Environmental Science and Technology 41 (2007)8. - ISSN 0013-936X - p. 2738 - 2744.
contaminated sediments - benthic invertebrates - rate constants - polychlorinated-biphenyls - organic contaminants - equilibrium ratios - species weight - mytilus-edulis - native pahs - accumulation
Model estimations of bioaccumulation of polycyclic aromatic hydrocarbons (PAHs) have been higher than field or laboratory data. This has been explained by strong sorption to black carbon (BC). In this paper, eight previously published bioaccumulation datasets were reinterpreted in terms of additional BC sorption. Biota-Solids Accumulation Factors (BSAFs) of PAHs typically decreased by 1-2 orders of magnitude and were better in line with field data in marine, fresh water, and terrestrial ecosystems. Probabilistic BC-inclusive modeling showed that if BC content is not accurately known, uncertainty in BSAFs is 2-3 orders of magnitude (90 percentile confidence interval) due to uncertainty in the BC sorption term. When BC contents are measured, the deviation between model estimations and field measurements reduces to about a factor of 3. This implies that including routine measurements of BC contents is crucial in improving risk estimations of PAHs.
Modelling decreased food chain accumulation of HOCs due to strong sorption to carbonaceous materials and metabolic transformation
Moermond, C.T.A. ; Traas, T.P. ; Roessink, I. ; Veltman, K. ; Hendriks, A.J. ; Koelmans, A.A. - \ 2007
Environmental Science and Technology 41 (2007)17. - ISSN 0013-936X - p. 6185 - 6191.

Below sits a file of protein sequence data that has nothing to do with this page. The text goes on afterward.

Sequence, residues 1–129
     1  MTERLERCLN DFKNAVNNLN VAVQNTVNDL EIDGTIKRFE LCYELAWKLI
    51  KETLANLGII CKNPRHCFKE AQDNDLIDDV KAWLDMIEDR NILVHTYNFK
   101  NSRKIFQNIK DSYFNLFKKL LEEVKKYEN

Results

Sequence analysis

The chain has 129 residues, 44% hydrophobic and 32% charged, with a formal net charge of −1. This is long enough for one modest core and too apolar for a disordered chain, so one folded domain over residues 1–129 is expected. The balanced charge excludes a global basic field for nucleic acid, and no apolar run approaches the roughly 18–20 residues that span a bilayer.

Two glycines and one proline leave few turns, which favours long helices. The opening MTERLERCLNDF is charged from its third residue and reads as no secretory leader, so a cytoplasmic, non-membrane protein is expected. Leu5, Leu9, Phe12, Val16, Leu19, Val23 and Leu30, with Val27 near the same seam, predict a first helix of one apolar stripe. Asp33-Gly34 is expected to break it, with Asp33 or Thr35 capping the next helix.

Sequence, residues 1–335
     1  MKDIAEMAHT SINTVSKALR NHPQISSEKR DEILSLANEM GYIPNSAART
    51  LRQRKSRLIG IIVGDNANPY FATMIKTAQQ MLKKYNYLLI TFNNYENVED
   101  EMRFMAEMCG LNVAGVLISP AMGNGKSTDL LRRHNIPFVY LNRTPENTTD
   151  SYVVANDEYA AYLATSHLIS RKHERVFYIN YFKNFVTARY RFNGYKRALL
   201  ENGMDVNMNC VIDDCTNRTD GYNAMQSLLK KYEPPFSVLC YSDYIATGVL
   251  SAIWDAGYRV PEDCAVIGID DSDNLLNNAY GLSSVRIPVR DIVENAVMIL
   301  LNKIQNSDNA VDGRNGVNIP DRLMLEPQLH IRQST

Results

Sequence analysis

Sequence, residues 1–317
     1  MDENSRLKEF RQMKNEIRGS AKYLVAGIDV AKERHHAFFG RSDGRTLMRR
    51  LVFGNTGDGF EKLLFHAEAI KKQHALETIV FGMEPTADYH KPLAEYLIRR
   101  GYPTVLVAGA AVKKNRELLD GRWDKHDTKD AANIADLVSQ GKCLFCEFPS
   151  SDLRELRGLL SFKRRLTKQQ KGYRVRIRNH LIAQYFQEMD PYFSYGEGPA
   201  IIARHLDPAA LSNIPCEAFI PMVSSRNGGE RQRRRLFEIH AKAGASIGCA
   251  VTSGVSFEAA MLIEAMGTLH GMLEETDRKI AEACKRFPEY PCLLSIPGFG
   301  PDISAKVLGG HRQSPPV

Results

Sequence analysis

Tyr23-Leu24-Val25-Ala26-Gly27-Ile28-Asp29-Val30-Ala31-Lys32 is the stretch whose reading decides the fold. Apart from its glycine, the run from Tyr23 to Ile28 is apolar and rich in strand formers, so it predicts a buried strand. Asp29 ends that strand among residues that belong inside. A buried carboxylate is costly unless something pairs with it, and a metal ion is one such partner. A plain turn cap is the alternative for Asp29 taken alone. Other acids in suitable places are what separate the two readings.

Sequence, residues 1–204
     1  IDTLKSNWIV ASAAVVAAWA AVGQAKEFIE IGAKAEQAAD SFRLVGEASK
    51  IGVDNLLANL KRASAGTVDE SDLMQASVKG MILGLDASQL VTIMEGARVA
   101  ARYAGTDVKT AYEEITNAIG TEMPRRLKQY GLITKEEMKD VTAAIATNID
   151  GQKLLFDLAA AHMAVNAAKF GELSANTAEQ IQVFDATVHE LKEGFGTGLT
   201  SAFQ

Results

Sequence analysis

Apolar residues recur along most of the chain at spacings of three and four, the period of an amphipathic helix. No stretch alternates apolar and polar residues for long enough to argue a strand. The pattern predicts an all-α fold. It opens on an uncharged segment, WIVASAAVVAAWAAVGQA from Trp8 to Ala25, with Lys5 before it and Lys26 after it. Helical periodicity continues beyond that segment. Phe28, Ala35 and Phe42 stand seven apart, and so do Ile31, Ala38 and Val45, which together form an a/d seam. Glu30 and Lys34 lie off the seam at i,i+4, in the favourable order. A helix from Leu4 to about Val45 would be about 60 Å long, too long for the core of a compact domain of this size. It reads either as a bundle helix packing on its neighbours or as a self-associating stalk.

polycyclic aromatic-hydrocarbons - semipermeable-membrane devices - hydrophobic organic-chemicals - brominated flame retardants - web bioaccumulation model - black carbon - rate constants - benthic invertebrates - uncertainty analysis - aquatic ecosystems
The predictive power of bioaccumulation models may be limited when they do not account for strong sorption of organic contaminants to carbonaceous materials (CM) such as black carbon, and when they do not include metabolic transformation. We tested a food web accumulation model, including sorption to CM, on data from a model ecosystem experiment with historically contaminated sediment. In combination with measured CM contents of the sediment, the model gave good fits for the biota that are known not to metabolize PAHs (macrophytes, periphyton, floating algal biomass). The same model was applied to invertebrates and fish but now with optimization of their metabolic transformation rates (km). For fish, these rates correlated empirically with log KOW: Log km = -0.8 log KOW + 4.5 (r2adj = 0.73). For invertebrates, log km did not correlate with logKOW. Sensitivity analysis revealed that the model output is highly sensitive to sediment CM content and sorption parameters, moderately sensitive to metabolic transformation rates, and slightly sensitive to lipid fraction of the organism and diet-related parameters. It is concluded that CM-inclusive models yield a better assessment of accumulation than models without sorption to CM. Furthermore, inclusion of CM in a model enables metabolic transformation rates to be calculated from the remaining overestimation in the model results when compared to measured data.